Today was the day I had been waiting for. No, not my birthday though we would be receiving a gift.
Today was the day that we would kiss the Blarney Stone and receive the Gift of Gab.
Our first stop on our way to County Cork was the Rock of Cashel. If you’re unfamiliar with the legend surrounding the Rock of Cashel, you can read all about it here. But long story short: Patrick went to confront the devil who was plotting his evil plan to plunge Europe into the Dark Ages. While attempting to escape, the Devil took a bite out of a mountain (nicknamed the Devil’s Bit) and then spit the rock at Patrick, who he was unhappy with having been made a fool of, however, the rock ended up landing in the middle of the plains of Tipperary, it’s current location.
We began hiking up the small hill towards the buildings surrounding the Rock when we finally saw it.
Welp, there it was. And honestly, it was pretty cool. We explored the surrounding buildings including the artifacts inside the visitor center, but naturally, it was the fields of greens that captured most of my attention.
Once we deported from the Rock of Cashel, we were headed towards Blarney.
Upon arrival, we were given a map of the entire Blarney Castle area and suggested to get on the line for the stone as it was the most popular attraction here. (obviously) Of course, being the tourists that we are, we decided to knock this must-do off the list first. The entire hike up to the tower didn’t take more than 35 minutes, but the walk up is interesting in itself.
The most recent structure that is Blarney Castle was built in 1446, so the layout and room arrangement is something completely different than anything you may have seen. To get to each room you had to walk either up or down the spiral staircase, which I assume caused much trouble if two people ended up walking in opposite directions, considering how narrow the staircase is.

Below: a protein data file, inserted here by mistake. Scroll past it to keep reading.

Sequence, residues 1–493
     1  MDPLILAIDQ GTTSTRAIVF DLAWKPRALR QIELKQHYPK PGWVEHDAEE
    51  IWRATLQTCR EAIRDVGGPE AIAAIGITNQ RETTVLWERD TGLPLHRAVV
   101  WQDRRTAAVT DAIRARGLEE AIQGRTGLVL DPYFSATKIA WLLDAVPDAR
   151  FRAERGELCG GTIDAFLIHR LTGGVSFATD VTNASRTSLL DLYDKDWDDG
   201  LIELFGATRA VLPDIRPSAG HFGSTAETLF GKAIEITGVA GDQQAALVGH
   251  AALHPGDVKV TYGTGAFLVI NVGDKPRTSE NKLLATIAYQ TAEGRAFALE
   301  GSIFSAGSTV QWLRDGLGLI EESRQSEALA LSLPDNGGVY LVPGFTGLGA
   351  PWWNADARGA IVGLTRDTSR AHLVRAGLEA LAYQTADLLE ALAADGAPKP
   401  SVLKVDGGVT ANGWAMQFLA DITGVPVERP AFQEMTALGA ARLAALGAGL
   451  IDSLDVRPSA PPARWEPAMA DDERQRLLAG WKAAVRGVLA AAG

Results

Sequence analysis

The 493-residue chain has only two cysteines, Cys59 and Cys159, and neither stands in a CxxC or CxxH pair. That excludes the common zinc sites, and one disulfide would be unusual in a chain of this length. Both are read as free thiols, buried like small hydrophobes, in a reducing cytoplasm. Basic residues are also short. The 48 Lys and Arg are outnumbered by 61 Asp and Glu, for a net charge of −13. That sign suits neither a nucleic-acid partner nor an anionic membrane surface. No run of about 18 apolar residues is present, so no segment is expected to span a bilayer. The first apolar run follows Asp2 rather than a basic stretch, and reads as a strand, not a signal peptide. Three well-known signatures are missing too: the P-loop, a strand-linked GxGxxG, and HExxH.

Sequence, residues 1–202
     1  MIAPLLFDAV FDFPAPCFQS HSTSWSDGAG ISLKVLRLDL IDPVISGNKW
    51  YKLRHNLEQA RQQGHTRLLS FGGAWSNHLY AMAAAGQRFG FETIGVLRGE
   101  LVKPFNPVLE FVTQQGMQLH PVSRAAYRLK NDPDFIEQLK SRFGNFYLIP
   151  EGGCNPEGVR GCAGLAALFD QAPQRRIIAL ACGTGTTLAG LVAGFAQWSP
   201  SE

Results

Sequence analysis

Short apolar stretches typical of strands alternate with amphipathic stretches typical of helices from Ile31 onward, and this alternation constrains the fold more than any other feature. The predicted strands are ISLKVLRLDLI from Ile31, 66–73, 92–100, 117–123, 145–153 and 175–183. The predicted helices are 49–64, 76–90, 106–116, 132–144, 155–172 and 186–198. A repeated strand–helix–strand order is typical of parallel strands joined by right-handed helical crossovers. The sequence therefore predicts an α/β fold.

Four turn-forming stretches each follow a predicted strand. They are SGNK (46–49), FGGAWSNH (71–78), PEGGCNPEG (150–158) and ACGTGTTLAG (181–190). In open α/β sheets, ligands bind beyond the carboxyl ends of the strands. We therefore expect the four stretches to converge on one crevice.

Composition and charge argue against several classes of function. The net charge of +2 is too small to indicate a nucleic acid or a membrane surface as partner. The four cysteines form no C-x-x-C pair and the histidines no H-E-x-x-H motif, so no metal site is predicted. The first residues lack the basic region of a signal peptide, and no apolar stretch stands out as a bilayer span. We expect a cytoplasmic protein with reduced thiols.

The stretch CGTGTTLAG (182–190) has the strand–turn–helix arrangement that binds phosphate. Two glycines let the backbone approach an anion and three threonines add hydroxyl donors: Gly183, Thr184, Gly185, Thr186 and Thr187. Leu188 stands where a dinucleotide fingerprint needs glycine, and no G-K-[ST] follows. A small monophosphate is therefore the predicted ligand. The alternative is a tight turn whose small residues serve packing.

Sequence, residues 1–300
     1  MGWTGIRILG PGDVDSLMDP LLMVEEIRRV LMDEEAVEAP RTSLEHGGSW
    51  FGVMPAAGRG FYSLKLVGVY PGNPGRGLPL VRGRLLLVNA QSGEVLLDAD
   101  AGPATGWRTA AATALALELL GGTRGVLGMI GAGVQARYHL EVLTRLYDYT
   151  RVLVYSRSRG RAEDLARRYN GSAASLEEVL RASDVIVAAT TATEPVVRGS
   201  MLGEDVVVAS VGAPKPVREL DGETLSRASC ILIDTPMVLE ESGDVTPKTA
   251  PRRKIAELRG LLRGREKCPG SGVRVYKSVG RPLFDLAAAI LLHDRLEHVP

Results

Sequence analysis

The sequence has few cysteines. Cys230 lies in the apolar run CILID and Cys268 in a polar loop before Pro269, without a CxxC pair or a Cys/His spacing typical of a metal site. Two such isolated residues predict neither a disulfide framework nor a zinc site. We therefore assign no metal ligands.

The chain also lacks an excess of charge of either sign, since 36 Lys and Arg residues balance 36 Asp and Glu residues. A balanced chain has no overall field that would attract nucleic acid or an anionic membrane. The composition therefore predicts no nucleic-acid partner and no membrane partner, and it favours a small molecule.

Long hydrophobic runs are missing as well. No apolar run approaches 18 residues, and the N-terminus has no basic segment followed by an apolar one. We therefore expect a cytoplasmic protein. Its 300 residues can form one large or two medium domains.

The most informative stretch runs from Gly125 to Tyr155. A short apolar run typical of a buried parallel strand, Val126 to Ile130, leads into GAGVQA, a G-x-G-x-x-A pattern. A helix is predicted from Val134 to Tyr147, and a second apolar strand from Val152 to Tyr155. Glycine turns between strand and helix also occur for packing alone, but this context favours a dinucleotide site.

At last, we had been gifted with the gift of gab! While most people come to Blarney with their sights set on the stone, I personally feel that Blarney Gardens are the real highlight. To be honest, we knew not much about the gardens before our visit but considering we had so much extra time we spent a couple of hours roaming. Not only were the gardens, which seem to be right out of a fantasy storybook, completely spectacular but we’ve already planned on returning in the future without a guide, so we could spend a good half day exploring every nook and cranny.
I highly suggest that anyone who has time during their trip to County Cork, to check out the stunning Blarney Gardens. And sure, kiss the stone while you’re there too.
We had one final stop on our tour: Cork City.
Similar to Galway as the last stop on our Cliffs of Moher tour, this stop should’ve probably been eliminated entirely.
Not that Cork City doesn’t seem worth the visit. Quite the contrary; it seems like it deserves an actual visit. 45 minutes to explore a city seems a bit unnecessary and as if they just wanted to add another destination to the tour itinerary.
However, we attempted to roam a couple of blocks closest to the bus and take a quick look around the English Market. Cork City, we will return.
Once home at our castle in Dublin, we decided to have our second dinner at the Knight’s Bar and didn’t regret it one bit.
It hit us during this meal that tomorrow would be our final day in Ireland before we headed off to London. It’s safe to say there is no sadder day than one’s final day in Ireland.
Read about the rest of our Ireland Adventure:
Found this post helpful? Pin it on Pinterest for future reference!